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Sustainability 2010, 2(8), 2467-2482; doi:10.3390/su2082467

Article
Low Impact Development Design—Integrating Suitability Analysis and Site Planning for Reduction of Post-Development Stormwater Quantity
1
School of Planning, College of Design, Architecture, Art, and Planning, University of Cincinnati, Cincinnati, OH 45221-0016, USA
2
Sustainable Environments Branch, National Risk Management Research Laboratory, Office of Research and Development, United States Environmental Protection Agency, 26 W. Martin Luther King Drive, Cincinnati, OH 45268, USA
3
Department of Civil and Environmental Engineering, College of Engineering, University of Cincinnati, Cincinnati, OH 45221-0071, USA
4
North Appalachian Experimental Watershed, Agricultural Research Service, United States Department of Agriculture, Coshocton, OH 43812, USA
*
Author to whom correspondence should be addressed.
Received: 29 June 2010; in revised form: 14 July 2010 / Accepted: 30 July 2010 / Published: 3 August 2010

Abstract

:
A land-suitability analysis (LSA) was integrated with open-space conservation principles, based on watershed physiographic and soil characteristics, to derive a low-impact development (LID) residential plan for a three hectare site in Coshocton OH, USA. The curve number method was used to estimate total runoff depths expected from different frequency storms for: (i) the pre-development condition, (ii) a conventional design, (iii) LID design based on the LSA of same building size; and (iv) LID design based on the LSA with reduced building footprints. Post-development runoff depths for the conventional design increased by 55 percent over those for the pre-development condition. Runoff depth for the same building size LSA-LID design was only 26 percent greater than that for the pre-development condition, and 17% for the design with reduced building sizes. Results suggest that prudent use of LSA may improve prospects and functionality of low-impact development, reduce stormwater flooding volumes and, hence, lower site-development costs.
Keywords:
soil survey; runoff; soil hydrologic group; urbanization; suitability analysis

1. Introduction

Because post-development hydrology is important to developers and municipalities that must comply with the USEPA National Pollution Discharge Elimination System Phase II regulations, a simple method is needed during planning to guide the placement of impervious surfaces on a landscape. To maximize the opportunities for economical low impact on hydrology and water quality, the method must consider the unique spatial distribution of physical, topographical, and climatological features of the watershed. The objective of the present study is to develop and test a simple, objectively-applied, method that integrates land suitability analysis (LSA) that incorporates landscape features, soils, and climatological data and Low Impact Development (LID) to aid in reducing the anticipated increase in stormwater runoff flood volumes from a residential development.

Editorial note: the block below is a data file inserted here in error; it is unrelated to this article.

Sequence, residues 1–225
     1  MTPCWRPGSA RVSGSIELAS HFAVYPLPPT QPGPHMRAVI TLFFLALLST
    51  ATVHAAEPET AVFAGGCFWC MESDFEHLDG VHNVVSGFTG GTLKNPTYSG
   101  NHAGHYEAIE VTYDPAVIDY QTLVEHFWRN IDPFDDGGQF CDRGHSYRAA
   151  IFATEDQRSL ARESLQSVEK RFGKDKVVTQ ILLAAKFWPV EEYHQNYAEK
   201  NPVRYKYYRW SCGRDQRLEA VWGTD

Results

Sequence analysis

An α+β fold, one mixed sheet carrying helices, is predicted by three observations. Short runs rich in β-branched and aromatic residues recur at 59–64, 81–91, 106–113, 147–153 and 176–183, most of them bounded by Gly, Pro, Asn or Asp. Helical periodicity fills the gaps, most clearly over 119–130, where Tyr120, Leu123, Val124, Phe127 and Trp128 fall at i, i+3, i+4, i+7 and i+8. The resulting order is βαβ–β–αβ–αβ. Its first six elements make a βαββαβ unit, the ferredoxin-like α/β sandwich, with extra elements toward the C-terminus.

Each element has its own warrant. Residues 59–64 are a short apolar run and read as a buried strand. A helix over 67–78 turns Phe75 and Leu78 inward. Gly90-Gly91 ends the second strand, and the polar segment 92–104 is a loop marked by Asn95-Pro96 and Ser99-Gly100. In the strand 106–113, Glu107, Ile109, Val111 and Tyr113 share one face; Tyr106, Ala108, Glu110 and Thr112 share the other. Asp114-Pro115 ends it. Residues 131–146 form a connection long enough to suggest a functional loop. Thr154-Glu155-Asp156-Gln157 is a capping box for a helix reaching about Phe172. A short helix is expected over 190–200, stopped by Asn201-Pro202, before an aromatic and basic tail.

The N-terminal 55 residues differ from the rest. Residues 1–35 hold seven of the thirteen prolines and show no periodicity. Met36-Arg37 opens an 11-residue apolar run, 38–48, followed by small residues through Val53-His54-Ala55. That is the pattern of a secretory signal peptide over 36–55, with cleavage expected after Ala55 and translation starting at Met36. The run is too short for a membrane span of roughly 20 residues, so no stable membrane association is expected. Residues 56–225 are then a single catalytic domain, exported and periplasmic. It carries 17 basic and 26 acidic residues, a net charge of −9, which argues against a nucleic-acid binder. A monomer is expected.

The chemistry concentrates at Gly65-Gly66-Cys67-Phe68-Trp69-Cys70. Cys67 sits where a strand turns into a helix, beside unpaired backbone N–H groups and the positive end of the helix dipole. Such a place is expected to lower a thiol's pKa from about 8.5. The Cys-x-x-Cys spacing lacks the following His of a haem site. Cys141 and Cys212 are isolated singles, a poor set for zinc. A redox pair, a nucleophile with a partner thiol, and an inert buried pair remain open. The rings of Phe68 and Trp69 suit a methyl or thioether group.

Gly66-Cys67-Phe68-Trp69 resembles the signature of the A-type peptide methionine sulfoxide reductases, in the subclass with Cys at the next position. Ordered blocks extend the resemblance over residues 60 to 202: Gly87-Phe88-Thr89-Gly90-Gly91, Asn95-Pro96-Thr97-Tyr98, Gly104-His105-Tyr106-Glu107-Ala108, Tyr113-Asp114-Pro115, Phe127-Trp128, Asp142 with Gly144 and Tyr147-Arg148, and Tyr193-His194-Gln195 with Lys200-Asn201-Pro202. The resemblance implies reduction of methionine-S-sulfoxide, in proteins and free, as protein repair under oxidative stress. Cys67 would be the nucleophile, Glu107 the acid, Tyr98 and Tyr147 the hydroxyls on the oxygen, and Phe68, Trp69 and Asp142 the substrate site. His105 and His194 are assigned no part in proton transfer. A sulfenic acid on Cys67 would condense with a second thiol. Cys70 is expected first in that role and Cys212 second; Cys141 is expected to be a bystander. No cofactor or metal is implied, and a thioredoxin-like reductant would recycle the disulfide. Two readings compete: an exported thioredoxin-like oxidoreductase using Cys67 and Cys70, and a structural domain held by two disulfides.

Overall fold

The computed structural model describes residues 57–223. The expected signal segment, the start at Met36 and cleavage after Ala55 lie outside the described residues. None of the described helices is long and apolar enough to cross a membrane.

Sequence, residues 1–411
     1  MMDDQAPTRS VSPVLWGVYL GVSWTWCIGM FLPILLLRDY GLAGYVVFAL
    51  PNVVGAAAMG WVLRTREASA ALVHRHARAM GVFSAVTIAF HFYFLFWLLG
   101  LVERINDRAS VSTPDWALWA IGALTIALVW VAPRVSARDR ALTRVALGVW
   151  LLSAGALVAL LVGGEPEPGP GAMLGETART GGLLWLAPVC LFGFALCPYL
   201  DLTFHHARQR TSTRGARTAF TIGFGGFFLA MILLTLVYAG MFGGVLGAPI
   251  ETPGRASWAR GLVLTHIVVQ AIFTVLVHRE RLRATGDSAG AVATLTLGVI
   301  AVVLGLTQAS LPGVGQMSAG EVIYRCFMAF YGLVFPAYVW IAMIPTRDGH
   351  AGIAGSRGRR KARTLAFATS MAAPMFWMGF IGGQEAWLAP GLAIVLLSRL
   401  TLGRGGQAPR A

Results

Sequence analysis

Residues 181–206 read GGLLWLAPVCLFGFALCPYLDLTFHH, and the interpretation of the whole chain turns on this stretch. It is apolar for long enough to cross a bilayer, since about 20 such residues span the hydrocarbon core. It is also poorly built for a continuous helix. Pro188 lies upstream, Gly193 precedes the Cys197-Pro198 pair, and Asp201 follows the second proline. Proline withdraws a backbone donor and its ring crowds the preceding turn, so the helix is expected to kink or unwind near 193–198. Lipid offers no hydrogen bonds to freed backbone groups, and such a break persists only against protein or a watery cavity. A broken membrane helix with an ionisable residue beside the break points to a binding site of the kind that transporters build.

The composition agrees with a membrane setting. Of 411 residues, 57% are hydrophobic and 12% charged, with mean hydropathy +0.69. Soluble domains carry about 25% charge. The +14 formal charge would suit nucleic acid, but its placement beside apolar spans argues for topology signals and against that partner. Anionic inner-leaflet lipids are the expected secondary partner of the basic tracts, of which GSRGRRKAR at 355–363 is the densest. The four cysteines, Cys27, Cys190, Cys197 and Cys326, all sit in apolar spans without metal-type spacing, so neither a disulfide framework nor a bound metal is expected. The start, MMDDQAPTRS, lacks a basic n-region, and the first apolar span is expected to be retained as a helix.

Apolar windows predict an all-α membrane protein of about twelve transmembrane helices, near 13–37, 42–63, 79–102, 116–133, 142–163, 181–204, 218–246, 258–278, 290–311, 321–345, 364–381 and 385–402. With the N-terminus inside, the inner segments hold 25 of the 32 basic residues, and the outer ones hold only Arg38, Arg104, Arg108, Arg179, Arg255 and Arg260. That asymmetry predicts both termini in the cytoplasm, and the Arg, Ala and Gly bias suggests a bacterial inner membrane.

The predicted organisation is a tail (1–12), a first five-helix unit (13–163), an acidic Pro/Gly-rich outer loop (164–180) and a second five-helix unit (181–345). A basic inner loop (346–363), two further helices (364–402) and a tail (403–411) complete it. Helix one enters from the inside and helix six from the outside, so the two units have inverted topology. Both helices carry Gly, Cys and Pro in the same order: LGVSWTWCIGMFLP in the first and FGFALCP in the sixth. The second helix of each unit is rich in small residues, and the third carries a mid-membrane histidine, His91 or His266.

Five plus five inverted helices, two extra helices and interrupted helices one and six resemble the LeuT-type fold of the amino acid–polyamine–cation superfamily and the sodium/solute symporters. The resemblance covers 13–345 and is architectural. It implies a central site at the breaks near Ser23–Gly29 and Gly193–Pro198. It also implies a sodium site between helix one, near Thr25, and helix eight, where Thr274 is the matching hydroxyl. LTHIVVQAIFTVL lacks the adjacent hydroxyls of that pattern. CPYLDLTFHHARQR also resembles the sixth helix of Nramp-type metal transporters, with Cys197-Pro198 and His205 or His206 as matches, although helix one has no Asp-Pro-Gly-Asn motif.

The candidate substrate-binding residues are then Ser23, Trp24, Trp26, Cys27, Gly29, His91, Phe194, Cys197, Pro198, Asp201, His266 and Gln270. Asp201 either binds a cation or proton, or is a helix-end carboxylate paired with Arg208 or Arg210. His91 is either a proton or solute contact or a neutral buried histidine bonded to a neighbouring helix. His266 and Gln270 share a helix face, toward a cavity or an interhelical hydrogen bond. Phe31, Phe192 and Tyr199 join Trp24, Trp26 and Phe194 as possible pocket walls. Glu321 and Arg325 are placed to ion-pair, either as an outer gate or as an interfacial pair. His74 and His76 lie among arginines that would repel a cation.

A land suitability analysis (LSA) considers relevant factors to identify proper locations for different land uses. Land suitability analysis is a systematic procedure for examining the combined effects of a related set of factors that the analyst assumes to be important determinants of locational suitability [1]. The meaning of suitability is to prioritize areas in terms of supporting proposed land use, considering social, physical, spatial or economic factors. The most suitable land will be used for development first.
The foundational work of McHarg (1969) popularized overlays of natural resources and landscape physiography to analyze land-suitability for, and impacts of, development plans [2]. Furthermore, land-use planning decisions that encompass wildlife habitat, aesthetic and recreational aspects, and demand for open space have recently been joined by the imperative of stormwater-runoff management [3]. These various planning and development themes are consistent with concepts of decentralized stormwater management infrastructure and runoff-source control, which attempt to maximize precipitation losses in the hydrological cycle (infiltration, evapotranspiration, interception, abstraction, and ground-water recharge) and minimize surface runoff. The philosophy and approach to decentralization and source control are brought together under green infrastructure (GI) [4,5]. One tenant of GI is to reconnect fragmented areas that have the potential to reduce high rates and volumes of runoff during storms. The end result of GI techniques yields contiguous corridors and areas of vegetated landscape that are proximate to areas of development. Several researchers have suggested that land is more likely to be managed in a near-natural state if it satisfies multiple objectives including stormwater management [3,6].